1Sun Yung Shin, Unbearable Splendor (New York: Coffee House Press, 2016).
2The Buddhist deity Kannon is known as Gwaneum in Korea and Guanyin in China. Sigal Samuel, “Robot priests can bless you, advise you, and even perform your funeral, AI religion is upon us. Welcome to the future,” Vox (23 January, 2020), https://www.vox.com/future-perfect/2019/9/9/20851753/ai-religion-robot-priest-mindar-buddhism-christianity.
3On techno-orientalism, see David Morley and Kevin Robins, The Space of Identity: Global Media, Electronic Landscapes and Cultural Boundaries (London: Routledge, 1995).
4The very close relationships between China and the Korean peninsula since the beginning of the common era placed Korea inextricably within the web of Sinitic civilization with a gradual infiltration of Chinese culture from the mainland. This infiltration was accelerated thanks to the missionary activities of the Buddhists, who brought novel religious teachings as well as secular Chinese cultural practices to the peninsula. To a considerable extent, it was the large body of Buddhist written scriptures that fostered literacy in written Chinese, the lingua franca of educated discourse in East Asia. In the late 19th century, the diffusion of Protestantism through China to Korea followed the same route as previous world religions (Buddhism and Confucianism)—the traditional pattern of cultural traffic in the Sinic world of East Asia.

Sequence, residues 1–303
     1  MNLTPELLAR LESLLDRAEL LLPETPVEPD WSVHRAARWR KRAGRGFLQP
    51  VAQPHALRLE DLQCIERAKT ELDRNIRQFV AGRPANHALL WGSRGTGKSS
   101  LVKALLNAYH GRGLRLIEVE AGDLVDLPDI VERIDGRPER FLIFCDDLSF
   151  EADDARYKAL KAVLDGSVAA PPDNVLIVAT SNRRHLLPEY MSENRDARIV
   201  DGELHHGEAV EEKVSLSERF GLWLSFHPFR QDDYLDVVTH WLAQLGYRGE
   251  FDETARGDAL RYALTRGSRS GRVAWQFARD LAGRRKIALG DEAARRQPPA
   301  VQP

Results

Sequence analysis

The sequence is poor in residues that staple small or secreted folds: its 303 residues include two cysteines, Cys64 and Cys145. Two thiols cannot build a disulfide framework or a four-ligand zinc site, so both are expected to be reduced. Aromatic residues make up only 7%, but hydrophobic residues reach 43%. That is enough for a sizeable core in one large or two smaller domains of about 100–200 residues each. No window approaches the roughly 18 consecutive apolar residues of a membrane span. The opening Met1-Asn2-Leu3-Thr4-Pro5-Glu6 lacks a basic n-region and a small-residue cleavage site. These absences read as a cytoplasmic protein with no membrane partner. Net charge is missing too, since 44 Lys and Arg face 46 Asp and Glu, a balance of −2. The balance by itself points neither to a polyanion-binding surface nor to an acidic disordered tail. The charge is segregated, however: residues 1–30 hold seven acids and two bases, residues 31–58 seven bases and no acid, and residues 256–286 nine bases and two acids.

5David Quinter, “Modest Materialities: The Social Lives and Afterlives of Sacred Things in Japan,” Japanese Journal of Religious Studies, vol. 45, no. 2 (2018), 309–40. See for example the contents and dedication materials of the Gwaneum bosal, Korea, Goryeo, ca. 1220–85, National Museum of Korea, Seoul, https://asia.si.edu/exhibition/sacred-dedication-a-korean-buddhist-masterpiece/. See also the contents of the reliquaries of National Treasure 126, Cultural Heritage Administration of the Republic of Korea, Reliquaries from the Three-story Stone Pagoda of Bulguksa Temple.